Publisher: G.P. Putnam's Sons
Release Date: March 22nd, 2016
Reader, I murdered him.My Thoughts:
A Gothic retelling of Jane Eyre.
Like the heroine of the novel she adores, Jane Steele suffers cruelly at the hands of her aunt and schoolmaster. And like Jane Eyre, they call her wicked - but in her case, she fears the accusation is true. When she flees, she leaves behind the corpses of her tormentors.
A fugitive navigating London's underbelly, Jane rights wrongs on behalf of the have-nots whilst avoiding the noose. Until an advertisement catches her eye. Her aunt has died and the new master at Highgate House, Mr Thornfield, seeks a governess. Anxious to know if she is Highgate's true heir, Jane takes the position and is soon caught up in the household's strange spell. When she falls in love with the mysterious Charles Thornfield, she faces a terrible dilemma: can she possess him - body, soul and secrets - and what if he discovers her murderous past?
This was not my usual read, but the idea behind it really intrigued me so I picked Jane Steele up without any expectations. This proved to be a good thing, but I ended up really liking this one.
The story is sort of what the description says. In the story we have Jane Steele who meets some unfortunate individuals and thus takes matters into her own hands more than once. The first time happened as an accident, but it sparked something inside Jane that changed her forever. How could murder not change a person? Jane let it change her in more ways than one and throughout the story we see her be as calculating as a serial killer and as cunning as a thief all the while keeping one step ahead of any danger to herself.
Her road was not an easy one though. After the death of her mother she finds herself at a horrible school ruled by a madman who punishes students gleefully all the while naming the punishments as an act of God. I was worried that the story would stall here and that the religious aspect would take center stage, but it did not thankfully. The story does gain a lot of speed in this section and we see Jane grow into who she will ultimately become in those school walls, but er true adventure starts after her and her best friend flee.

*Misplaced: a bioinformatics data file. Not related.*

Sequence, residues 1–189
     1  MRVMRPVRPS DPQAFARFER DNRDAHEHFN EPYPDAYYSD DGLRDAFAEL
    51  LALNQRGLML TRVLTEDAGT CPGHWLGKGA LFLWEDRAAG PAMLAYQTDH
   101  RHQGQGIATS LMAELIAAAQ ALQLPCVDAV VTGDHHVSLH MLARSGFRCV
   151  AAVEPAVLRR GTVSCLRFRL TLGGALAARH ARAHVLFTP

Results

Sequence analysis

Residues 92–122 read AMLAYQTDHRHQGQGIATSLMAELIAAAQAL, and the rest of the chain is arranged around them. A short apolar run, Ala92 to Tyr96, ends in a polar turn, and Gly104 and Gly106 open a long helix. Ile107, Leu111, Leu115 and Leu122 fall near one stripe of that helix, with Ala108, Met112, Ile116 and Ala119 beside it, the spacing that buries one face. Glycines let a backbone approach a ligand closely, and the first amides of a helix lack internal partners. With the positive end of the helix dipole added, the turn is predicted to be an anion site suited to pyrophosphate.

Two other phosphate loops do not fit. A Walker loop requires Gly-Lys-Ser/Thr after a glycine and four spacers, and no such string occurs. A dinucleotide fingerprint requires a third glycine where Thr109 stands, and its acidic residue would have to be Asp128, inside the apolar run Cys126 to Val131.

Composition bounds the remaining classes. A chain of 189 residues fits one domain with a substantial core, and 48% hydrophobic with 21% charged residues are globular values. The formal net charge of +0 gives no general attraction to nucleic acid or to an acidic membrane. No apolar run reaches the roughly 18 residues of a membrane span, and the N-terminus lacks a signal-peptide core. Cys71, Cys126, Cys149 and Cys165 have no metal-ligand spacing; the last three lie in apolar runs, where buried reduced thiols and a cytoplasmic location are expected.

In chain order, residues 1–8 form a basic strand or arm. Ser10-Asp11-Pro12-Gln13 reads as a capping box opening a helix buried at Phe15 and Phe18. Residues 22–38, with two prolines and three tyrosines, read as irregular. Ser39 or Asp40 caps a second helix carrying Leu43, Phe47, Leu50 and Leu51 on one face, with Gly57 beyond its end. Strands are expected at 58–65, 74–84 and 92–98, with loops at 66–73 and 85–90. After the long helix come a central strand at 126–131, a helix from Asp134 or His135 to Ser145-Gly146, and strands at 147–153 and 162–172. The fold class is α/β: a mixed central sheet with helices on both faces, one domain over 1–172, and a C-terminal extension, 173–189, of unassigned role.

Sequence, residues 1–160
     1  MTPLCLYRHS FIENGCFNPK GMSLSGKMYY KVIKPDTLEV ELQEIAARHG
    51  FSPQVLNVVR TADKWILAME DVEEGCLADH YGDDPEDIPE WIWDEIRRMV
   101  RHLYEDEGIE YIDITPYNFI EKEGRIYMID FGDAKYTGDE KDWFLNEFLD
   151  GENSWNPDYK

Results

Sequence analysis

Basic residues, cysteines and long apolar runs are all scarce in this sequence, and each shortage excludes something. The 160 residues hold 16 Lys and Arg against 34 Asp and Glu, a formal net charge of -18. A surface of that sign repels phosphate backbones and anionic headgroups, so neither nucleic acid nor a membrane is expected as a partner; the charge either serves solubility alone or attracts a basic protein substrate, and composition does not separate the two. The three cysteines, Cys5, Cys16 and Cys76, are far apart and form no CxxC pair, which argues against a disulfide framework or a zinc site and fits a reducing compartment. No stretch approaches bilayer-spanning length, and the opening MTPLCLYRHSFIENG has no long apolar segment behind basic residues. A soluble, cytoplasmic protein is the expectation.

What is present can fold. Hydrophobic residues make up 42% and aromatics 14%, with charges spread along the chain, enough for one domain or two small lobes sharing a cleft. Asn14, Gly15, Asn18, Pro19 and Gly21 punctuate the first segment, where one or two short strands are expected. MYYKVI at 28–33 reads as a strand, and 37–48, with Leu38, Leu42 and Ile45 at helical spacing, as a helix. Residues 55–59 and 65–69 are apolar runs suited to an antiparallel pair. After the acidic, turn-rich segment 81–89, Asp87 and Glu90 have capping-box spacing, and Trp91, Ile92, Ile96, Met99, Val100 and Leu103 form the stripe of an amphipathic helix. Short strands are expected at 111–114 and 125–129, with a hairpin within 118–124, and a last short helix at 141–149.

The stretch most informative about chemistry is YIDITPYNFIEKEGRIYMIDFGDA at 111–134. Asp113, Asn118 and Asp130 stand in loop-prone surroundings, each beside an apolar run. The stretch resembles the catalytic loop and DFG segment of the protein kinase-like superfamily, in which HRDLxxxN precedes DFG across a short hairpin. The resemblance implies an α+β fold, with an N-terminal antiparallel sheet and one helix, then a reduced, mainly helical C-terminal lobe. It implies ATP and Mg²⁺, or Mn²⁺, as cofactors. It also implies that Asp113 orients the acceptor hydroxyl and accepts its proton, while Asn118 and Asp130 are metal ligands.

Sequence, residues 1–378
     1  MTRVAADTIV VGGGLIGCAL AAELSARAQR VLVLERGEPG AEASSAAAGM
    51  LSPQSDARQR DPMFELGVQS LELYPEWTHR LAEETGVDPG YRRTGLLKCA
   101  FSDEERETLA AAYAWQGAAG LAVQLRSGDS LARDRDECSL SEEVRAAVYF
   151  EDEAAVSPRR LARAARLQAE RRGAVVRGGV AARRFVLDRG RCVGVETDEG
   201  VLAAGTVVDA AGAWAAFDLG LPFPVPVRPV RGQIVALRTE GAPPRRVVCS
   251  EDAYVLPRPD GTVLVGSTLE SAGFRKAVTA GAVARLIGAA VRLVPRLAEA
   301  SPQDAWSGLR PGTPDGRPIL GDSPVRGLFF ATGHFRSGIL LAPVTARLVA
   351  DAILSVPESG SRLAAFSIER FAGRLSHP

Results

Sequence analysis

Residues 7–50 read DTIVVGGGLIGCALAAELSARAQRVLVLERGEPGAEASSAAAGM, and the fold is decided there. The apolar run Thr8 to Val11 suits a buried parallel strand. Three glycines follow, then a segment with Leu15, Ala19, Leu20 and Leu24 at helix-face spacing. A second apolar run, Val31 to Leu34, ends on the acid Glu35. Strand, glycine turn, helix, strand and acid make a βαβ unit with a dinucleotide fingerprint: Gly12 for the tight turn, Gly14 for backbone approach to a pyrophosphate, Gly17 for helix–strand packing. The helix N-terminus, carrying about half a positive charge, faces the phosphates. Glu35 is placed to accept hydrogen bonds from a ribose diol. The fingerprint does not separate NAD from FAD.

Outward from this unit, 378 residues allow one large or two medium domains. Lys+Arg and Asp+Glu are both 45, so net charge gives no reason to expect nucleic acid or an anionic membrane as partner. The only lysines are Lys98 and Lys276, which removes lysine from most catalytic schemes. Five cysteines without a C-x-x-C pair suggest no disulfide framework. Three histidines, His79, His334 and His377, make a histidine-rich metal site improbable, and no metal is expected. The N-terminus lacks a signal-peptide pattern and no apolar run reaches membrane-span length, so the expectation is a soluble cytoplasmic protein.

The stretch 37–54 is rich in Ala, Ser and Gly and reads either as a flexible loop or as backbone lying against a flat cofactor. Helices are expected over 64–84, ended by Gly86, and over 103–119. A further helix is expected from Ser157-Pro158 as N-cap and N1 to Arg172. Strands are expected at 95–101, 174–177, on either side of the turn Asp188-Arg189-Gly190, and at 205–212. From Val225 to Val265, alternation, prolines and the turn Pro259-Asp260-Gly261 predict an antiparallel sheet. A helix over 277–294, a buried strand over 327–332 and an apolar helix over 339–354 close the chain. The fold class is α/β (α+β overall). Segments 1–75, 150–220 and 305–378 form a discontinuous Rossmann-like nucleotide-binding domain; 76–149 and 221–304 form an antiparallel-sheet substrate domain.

Here's the thing though. I really got into the story up until the last 3/4 or so. At that point another side story took center stage and I felt myself becoming more and confused by historical facts and names. I am not a history buff so all this was WAY over my head. I just kept wishing the story would stay focused on Jane and her life. As I sit here writing this review I still can't tell you what really happened during the war that was described. I found it hard keeping up with the details with the writing style. Which is something else that took me a very long time to get used to. This wasn't a bad thing just something that slowed me down. It was very downtown abbyish and very classic like if that makes any sense. I found I could not skim or read fast because there were so many word puzzles. By the end I liked this because it did suit the story, but I feel like this will turn a lot of people off.
In the end I did like this like I said. The characters were all interesting and I found myself rooting for Jane and her love interest. I would have liked a better ending for her and Rebecca though. I felt like Rebecca kind of got the yucky end of that deal and even though I was mad at her for what she did I don't think she deserved that ending. I don't like big bows tied around every plot line, but for that one I really wanted one.
I think it that I haven't read Jane Eyre. Yes I know that's not something I should openly admit, but I haven't. I have read other reviews stating that this isn't close to the original classic so I am glad I didn't have anything to compare it to. So if you have read the original just bewarned that this is different from what I have been told. This story in my opinion will definitely stand on it's own though so you shouldn't be worried about that.